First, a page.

Travis Kelce’s ‘Viva Las Vegas’ Serenade Hikes Song Royalties

Posted on: February 15, 2024, 04:21h. 

Last updated on: February 15, 2024, 04:39h.

After Travis Kelce shouted a half-crazed rendition “Viva Las Vegas” as a tribute to the town that gifted him his third Super Bowl ring last Sunday, one might have expected the song’s copyright holders to sue.

Travis Kelce
Kansas City Chiefs tight end Travis Kelce cradles the Vince Lombardi trophy while seemingly mangling the melody of “Viva Las Vegas” on Sunday at Allegiant Stadium, where the Chiefs beat the San Francisco 49ers in the first Las Vegas Super Bowl. (Image: Getty)

On the contrary, Kelce’s unique serenade — viewed by more than 123 million people including his famous girlfriend, Taylor Swift, who giggled at his enthusiasm — triggered a record amount of royalties for the publisher of the song, as well as its administrator, Warner Chappell Music.

Money Honey

That’s mostly because every news outlet and talk show that wanted to air the amusing clip had to contribute to its revenue stream by paying a public performance royalty to its publishing company.

“We were very excited about him doing that,” Will Bratton, president of Pomus Songs Inc., told Billboard magazine, though he declined to ascribe a dollar sign to his excitement.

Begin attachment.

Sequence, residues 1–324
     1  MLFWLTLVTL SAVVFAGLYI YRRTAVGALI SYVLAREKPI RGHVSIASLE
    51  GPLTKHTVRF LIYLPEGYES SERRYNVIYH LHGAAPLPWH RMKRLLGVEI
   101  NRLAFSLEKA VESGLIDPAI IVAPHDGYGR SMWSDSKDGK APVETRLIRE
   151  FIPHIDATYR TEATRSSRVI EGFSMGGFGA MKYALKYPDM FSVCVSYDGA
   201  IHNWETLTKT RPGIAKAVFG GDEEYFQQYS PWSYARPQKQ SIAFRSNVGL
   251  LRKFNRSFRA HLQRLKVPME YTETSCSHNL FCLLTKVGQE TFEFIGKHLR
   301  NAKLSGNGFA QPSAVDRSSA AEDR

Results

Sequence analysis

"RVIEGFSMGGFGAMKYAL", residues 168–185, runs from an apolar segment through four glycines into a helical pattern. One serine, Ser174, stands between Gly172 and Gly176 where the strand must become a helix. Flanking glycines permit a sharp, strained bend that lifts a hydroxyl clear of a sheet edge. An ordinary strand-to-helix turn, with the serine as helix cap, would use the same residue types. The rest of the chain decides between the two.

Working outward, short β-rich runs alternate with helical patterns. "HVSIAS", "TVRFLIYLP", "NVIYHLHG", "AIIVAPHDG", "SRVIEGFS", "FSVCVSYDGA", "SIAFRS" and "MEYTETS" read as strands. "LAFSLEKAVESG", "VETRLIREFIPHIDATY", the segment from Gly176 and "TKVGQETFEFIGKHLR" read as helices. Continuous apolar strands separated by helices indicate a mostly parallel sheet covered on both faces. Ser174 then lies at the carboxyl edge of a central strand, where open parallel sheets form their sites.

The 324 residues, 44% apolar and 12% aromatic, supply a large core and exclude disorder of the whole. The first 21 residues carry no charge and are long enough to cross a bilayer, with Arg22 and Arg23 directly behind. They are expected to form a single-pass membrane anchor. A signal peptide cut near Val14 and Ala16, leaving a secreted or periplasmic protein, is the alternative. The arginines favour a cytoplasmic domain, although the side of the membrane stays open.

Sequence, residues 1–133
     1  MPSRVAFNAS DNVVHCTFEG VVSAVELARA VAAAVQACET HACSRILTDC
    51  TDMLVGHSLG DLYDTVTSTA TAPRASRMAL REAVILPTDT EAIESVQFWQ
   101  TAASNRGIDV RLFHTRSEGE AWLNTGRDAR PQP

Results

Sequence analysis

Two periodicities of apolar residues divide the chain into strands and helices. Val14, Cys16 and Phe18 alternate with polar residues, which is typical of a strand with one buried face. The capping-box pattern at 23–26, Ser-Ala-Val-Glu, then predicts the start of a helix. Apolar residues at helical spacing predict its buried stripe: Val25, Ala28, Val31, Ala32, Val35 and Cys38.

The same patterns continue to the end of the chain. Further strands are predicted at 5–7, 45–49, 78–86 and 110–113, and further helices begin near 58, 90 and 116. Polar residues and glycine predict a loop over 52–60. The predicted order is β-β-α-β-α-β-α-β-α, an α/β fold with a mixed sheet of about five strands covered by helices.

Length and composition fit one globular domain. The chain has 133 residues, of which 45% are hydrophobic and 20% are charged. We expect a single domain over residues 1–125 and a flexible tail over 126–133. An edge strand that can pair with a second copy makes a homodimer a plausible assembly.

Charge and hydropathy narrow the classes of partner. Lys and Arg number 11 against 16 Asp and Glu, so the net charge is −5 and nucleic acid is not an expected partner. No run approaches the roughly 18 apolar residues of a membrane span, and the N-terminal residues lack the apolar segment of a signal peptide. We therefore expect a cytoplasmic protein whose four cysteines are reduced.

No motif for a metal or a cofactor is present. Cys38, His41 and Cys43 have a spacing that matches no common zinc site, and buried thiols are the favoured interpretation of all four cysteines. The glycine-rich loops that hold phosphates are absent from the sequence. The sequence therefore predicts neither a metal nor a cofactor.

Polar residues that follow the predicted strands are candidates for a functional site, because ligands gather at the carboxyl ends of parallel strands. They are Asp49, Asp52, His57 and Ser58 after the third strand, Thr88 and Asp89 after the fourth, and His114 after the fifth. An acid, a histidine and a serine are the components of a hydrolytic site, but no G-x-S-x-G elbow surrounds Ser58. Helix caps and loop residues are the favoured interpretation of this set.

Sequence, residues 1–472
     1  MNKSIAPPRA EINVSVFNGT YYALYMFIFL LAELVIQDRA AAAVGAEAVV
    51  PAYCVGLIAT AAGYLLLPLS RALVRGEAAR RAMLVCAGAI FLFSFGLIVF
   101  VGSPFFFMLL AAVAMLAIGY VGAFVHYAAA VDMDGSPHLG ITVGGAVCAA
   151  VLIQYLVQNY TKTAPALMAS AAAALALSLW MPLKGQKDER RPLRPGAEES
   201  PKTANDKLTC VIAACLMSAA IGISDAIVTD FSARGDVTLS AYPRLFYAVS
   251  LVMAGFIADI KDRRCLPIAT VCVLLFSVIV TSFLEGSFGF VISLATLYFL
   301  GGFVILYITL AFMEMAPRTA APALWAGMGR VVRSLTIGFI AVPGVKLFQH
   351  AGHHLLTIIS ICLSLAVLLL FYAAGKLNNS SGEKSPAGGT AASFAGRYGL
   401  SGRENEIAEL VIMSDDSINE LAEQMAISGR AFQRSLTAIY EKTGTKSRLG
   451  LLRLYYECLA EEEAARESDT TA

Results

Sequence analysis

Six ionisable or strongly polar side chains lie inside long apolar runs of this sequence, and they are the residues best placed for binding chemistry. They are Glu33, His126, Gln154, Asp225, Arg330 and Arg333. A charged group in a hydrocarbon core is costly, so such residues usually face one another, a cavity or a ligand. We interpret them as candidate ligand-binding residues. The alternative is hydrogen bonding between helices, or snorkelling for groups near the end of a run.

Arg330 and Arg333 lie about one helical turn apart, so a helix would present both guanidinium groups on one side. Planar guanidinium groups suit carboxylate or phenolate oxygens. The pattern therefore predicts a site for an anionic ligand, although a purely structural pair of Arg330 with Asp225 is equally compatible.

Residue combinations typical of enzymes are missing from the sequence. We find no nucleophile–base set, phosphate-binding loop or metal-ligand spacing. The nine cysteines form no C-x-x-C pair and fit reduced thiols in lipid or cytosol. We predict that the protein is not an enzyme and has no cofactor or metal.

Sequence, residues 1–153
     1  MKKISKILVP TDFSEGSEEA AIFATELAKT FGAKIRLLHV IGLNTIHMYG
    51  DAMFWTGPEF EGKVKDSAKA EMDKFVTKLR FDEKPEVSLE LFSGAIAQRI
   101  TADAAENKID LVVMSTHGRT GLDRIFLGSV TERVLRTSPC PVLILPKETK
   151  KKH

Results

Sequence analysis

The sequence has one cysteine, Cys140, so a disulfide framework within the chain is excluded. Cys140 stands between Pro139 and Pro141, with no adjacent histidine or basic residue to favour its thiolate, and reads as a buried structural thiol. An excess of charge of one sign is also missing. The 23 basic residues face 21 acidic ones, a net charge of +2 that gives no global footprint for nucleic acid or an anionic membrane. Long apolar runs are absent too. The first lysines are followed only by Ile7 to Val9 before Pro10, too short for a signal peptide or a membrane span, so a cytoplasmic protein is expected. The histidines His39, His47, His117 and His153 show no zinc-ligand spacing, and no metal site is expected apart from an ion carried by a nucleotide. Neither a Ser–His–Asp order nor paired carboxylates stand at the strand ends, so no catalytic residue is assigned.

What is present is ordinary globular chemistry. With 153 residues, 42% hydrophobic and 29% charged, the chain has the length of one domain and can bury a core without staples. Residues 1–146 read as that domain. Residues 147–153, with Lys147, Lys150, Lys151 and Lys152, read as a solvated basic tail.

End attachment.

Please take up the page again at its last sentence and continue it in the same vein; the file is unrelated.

Elvis Presley’s original 1964 single, “Viva Las Vegas,” from the movie of the same year and name. (Image:

Doc Pomus co-wrote the song with fellow songwriter Mort Shuman for the 1964 Elvis Presley movie of the same name. And, though Presley never once performed it live, it has woven itself into the fabric of Las Vegas culture, rarely being left out of any of the dozens of different Elvis tribute shows staged in Vegas since the genuine article’s 1977 death.

In addition to Elvis impersonators and pro football players, “Viva Las Vegas” has been covered by Bruce Springsteen, ZZ Top, Dead Kennedys, Shawn Colvin, and even Bob Dylan.

Dylan, who won a Nobel Prize for his song lyrics in 2016, included a whole chapter about “Viva Las Vegas” in his 2022 book, “The Philosophy of Modern Song.”

“This is a song about faith,” Dylan wrote. “The kind of faith where you step under a shower spigot in the middle of the desert and fully believe water will come out.”

Not Off-Key?

Some debate has emerged from social media, from which it usually does, about Kelce’s rendition not being as off-key as it sounded to untrained ears.

In fact, according to musicologist and TikTokker @bravedavebean, the tight end actually sang a tight harmony to the famous melody that was, more or less, perfectly pitched. Click here for Bean’s unexpectedly convincing argument.

Perhaps, as one commenter on the TikTok video noted, “Taylor never lets him take the melody when they sing in the car, so he’s gotten really good at the harmonies.”

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